Letter: Urban Boundaries

Every once in a while, a statistic gets thrown out and actually sticks, and unfortunately, those statistics don't always paint a complete picture. I would like to clarify Knoxville's misleading ranking with regard to public transit use in a 2011 Brookings Institute report, as stated in "Outsmarting Old Habits"—a great story on the Smart Trips program from the June 28th issue. [Citybeat by Paige Huntoon] First, let me start with a little background: Within the Knoxville metropolitan area, the City of Knoxville is the only governmental entity with a fixed route public transit system, which is Knoxville Area Transit (KAT). As such, KAT operates within the city limits and aspires to provide really good transit service to the urban core of the city (with the exception of Route 102X, The Farragut Express, which is partially supported by The Town of Farragut).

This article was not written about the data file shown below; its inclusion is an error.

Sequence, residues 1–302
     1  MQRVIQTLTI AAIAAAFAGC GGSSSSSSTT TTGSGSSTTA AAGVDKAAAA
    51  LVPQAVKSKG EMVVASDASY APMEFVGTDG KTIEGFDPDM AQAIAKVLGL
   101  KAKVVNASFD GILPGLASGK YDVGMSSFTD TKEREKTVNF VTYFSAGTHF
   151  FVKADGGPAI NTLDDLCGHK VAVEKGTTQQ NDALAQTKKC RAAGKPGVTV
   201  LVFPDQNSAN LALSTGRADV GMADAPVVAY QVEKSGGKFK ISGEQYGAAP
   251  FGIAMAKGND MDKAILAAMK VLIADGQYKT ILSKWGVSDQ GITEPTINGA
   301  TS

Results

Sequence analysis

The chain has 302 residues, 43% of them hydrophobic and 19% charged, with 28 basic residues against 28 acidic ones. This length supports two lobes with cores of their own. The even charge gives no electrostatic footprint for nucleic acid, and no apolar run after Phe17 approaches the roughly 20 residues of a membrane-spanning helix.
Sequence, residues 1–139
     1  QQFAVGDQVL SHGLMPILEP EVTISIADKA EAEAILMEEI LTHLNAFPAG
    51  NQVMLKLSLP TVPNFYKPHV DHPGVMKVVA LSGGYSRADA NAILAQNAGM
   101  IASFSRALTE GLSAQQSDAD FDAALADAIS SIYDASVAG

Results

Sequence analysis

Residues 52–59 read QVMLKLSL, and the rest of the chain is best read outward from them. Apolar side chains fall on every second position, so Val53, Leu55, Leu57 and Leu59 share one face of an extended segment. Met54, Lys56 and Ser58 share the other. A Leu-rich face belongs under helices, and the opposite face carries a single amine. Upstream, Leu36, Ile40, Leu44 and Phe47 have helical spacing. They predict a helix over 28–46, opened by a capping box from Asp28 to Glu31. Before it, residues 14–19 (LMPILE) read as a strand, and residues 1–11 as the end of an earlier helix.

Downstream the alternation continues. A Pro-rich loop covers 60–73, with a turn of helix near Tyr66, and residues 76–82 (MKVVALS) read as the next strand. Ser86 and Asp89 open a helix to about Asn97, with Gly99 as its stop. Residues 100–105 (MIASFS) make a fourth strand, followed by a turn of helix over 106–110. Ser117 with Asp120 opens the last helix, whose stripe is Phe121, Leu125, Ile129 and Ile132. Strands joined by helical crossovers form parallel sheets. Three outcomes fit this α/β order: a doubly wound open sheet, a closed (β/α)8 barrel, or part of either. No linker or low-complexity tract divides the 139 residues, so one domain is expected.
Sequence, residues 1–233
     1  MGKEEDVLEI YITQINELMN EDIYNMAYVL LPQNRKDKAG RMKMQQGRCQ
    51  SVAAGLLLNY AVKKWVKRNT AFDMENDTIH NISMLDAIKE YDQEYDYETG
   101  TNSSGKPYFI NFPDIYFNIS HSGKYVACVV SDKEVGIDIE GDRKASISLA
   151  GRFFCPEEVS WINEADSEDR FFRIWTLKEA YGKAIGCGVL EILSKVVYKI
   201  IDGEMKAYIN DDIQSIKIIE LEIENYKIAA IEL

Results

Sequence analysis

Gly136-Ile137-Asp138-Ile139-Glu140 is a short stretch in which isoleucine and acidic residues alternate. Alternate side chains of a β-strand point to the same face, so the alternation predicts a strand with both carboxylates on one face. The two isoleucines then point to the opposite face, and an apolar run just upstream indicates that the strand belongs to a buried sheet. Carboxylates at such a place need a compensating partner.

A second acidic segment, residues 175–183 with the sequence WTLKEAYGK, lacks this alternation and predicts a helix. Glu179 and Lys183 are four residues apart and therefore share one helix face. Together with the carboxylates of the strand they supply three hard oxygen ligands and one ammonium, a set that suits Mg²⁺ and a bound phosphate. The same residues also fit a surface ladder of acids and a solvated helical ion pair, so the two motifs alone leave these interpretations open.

The Brookings Institute report examined metropolitan areas across the United States that provide transit services. Many, or most, metropolitan areas have regional transit services, or multiple and interconnected fixed route transit offerings. The Knoxville metropolitan area does not. When the Brookings Institute says that 0.4 percent of people use public transit to get to work in Knoxville, they mean in the Knoxville Metropolitan Statistical Area, which includes Anderson, Blount, Knox, Loudon and Union counties. What these statistics have gotten translated into in certain quarters is "Knoxville has one of the worst transit systems in the country." But really, that's like saying the Knox County Health Department is doing a horrible job because of the poor service they provide to Grainger County.

While KAT welcomes aboard many passengers from neighboring counties when they commute to or visit the City of Knoxville, we recognize that our focus must of necessity be on providing the best public transit service we can within the city's urban boundaries.

Cindy McGinnis

Knoxville Area Transit